Newsletter Sign-up Printer Friendly Format Translate This Page Text Size Small Medium Large


April 1, 2012


Farrell Sklerov / Michael Saucier  (718) 595-6600

Statement from DEP Commissioner Strickland On the Opening of Trout Season Today

"The start of spring was March 20 but the real start of spring for anglers is today—the official opening of trout season. It's a great time of year and what better way to spend it than by fishing in one of the dozens of reservoirs, lakes and streams of the city's water supply system. The city's water supply is host to some of the best fishing in the country.  This is the kickoff to what's going to be a great recreational season, especially because of the broad expansion of the recreational boating program at the Neversink, Pepacton and Schoharie reservoirs, which begins Memorial Day weekend. Anglers can look forward to what we hope will be a banner year of fishing in the watershed."

City-owned reservoirs are open for fishing from shore and with fishing boats and most offer fishing opportunities for cold-water species such as trout and warm-water species such as smallmouth and largemouth bass. Approximately 33,500 acres of water surface area on 19 reservoirs are available for trout fisherman by shoreline or boat. The statewide trout season generally runs until October 15; however, on certain New York City reservoirs, trout fishing is open year-round or closes later than October 15. The New York State Department of Environmental Conservation lists statewide fishing regulations at

In addition to the reservoirs, there are 191 miles of stream frontage on city lands in the watershed, including in areas where public access to water is otherwise difficult. Some parcels that have been opened which offer good fishing opportunities are as follows:

  • Tremper Kill Unit: Recent acquisition of 202 acres which includes 1,580' of frontage along the Tremper Kill less than three miles north of where it empties into the Pepacton Reservoir.
  • Maplecrest Unit: Recent acquisition of 176 acres which adds 3,123' of frontage on the Batavia Kill to the 1.25 miles already protected to the east.  This creek was in the eye of the storm for both Hurricane Irene and Tropical Storm Lee, and stream stabilization and restoration work is ongoing.
  • Fall Clove Road Unit: Recent acquisition of 166 acres which includes 1,612' of frontage along the Fall Clove about four miles north of where it empties into the Pepacton Reservoir.
  • East Bramley Mountain Unit: Recent acquisition of 162 acres which includes 2,494' of frontage along an unnamed tributary to the Little Delaware River.
  • Roaring Kill Unit:  Recent acquisition of 143 acres which includes 2,177' of frontage along the Roaring Kill in the Schoharie Reservoir Basin.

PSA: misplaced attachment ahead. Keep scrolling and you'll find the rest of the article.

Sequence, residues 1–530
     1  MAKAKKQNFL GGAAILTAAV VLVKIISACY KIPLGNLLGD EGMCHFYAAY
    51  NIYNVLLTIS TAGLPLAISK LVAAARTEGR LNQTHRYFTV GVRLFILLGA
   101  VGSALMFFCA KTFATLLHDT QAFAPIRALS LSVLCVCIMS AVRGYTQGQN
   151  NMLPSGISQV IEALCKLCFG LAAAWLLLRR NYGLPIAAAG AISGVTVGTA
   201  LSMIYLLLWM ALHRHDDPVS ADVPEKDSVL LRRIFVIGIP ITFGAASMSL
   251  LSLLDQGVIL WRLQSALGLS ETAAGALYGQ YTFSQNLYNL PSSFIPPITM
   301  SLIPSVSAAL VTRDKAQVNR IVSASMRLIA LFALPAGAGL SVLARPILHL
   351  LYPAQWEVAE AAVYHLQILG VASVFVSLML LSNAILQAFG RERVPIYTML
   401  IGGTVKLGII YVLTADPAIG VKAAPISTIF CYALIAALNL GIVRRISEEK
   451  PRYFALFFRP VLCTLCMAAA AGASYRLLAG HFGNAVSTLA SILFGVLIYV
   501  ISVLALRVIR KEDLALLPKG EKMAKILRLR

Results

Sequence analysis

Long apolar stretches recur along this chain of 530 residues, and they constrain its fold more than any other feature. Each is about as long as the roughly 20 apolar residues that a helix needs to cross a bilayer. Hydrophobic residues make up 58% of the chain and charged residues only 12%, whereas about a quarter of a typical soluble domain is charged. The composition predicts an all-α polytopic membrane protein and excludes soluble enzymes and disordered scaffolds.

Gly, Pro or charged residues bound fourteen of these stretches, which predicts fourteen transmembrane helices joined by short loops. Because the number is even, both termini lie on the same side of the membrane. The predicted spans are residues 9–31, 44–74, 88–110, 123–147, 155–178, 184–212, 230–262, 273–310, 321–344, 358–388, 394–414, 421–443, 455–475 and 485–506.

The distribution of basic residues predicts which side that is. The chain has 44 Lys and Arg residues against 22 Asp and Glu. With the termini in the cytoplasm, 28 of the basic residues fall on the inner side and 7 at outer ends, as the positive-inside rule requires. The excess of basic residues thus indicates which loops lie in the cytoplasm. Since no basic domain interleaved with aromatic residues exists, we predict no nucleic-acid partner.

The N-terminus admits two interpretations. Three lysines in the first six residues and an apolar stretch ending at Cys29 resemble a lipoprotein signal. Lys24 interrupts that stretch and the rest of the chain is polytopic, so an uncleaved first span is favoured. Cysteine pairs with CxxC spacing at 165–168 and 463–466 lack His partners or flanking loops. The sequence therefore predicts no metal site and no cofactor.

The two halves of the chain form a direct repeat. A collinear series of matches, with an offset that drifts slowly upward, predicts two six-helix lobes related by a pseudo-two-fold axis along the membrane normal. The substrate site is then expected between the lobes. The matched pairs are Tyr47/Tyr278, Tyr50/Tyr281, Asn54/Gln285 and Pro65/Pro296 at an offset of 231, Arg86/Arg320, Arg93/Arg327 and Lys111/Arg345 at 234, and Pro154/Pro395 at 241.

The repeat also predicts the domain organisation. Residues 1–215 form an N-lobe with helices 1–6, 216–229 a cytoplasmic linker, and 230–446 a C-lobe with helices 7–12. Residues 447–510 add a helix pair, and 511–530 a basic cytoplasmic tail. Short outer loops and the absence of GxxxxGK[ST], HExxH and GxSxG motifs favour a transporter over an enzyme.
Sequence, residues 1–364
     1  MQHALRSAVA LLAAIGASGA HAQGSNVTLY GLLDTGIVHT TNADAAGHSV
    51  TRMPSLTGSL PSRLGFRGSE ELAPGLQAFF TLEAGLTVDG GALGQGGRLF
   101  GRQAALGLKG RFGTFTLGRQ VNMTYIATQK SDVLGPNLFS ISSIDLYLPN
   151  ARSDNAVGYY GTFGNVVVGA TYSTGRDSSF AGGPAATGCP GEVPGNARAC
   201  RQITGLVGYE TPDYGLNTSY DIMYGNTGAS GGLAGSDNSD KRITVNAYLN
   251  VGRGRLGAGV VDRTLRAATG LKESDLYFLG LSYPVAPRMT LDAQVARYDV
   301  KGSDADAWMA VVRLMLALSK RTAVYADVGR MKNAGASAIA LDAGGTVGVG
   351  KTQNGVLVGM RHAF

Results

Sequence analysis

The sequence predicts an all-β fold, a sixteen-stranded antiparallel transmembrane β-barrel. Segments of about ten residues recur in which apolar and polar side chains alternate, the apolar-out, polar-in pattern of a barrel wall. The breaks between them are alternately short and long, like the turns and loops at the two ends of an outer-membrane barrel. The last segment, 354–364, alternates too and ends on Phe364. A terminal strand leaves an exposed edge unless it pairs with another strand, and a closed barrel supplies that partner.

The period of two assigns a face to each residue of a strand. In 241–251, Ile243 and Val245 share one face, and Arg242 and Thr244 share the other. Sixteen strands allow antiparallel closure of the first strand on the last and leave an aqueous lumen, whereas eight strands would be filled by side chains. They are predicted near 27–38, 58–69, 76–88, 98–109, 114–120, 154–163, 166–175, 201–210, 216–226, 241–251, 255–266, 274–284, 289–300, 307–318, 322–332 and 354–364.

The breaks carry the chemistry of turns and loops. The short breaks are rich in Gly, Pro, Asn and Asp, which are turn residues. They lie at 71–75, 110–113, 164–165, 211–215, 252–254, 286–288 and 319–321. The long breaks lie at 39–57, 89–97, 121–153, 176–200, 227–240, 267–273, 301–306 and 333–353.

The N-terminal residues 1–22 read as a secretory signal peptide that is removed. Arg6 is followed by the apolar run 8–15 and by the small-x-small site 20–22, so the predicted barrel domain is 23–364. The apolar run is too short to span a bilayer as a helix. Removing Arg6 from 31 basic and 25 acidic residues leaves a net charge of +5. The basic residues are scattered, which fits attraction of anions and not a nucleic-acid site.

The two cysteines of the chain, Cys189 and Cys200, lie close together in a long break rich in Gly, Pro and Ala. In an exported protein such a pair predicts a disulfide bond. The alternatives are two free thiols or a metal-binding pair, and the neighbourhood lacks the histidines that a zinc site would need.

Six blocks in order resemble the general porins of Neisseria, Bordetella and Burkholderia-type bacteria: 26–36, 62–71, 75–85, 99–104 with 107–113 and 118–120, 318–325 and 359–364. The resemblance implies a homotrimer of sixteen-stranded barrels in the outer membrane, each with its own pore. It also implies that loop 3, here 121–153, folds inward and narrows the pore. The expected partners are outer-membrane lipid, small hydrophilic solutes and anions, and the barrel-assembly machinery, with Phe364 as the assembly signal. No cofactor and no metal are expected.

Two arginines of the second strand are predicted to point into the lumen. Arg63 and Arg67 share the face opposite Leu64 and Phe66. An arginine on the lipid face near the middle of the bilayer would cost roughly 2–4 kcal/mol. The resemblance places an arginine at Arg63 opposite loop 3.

• Van Aken Road North: Recent acquisition of 23 acres which includes 1,733' of frontage along the Bear Kill just upstream of the city's Grand Gorge wastewater treatment plant.
  • Slater Road Unit: Recent acquisition of 17 acres which includes 1,412' of frontage along the Chestnut Creek just over three miles west of where it empties into the Rondout Reservoir.

Since 2003, DEP has significantly expanded the amount of city-owned water supply lands open for recreation to 108,000 — more than double the amount available in 2003. Of the 108,000 total acres open to recreation, 75,000 are land and 33,000 are water. Last year, DEP opened approximately 6,600 more acres of land in the watershed for recreation. DEP also expects to open an additional 7,500 acres of watershed land this year for recreation, including areas in Schoharie, Sullivan, Ulster, Greene and Delaware counties.

DEP manages the city's water supply, providing more than one billion gallons of water each day to more than nine million residents, including eight million in New York City, and residents of Ulster, Orange, Putnam and Westchester counties.  This water comes from the Catskill, Delaware, and Croton watersheds that extend more than 125 miles from the City, and the system comprises 19 reservoirs, three controlled lakes, and numerous tunnels and aqueducts. DEP employs nearly 6,000 employees, including more than 750 scientists, engineers, surveyors, watershed maintainers and others professionals in the upstate watershed.  In addition to its $49 million payroll and $132 million in annual taxes paid in upstate counties, DEP has invested more than $1.5 billion in watershed protection programs—including partnership organizations such as the Catskill Watershed Corporation and the Watershed Agricultural Council—that support sustainable farming practices, environmentally sensitive economic development, and local economic opportunity. In addition, DEP has a robust capital program with a planned $13.2 billion in investments over the next 10 years that creates up to 3,000 construction-related jobs per year. For more information, visit, like us on Facebook at, or follow us on Twitter at

More Information

NYC Department of Environmental Protection
Public Affairs

59-17 Junction Boulevard
19th Floor
Flushing, NY 11373

(718) 595-6600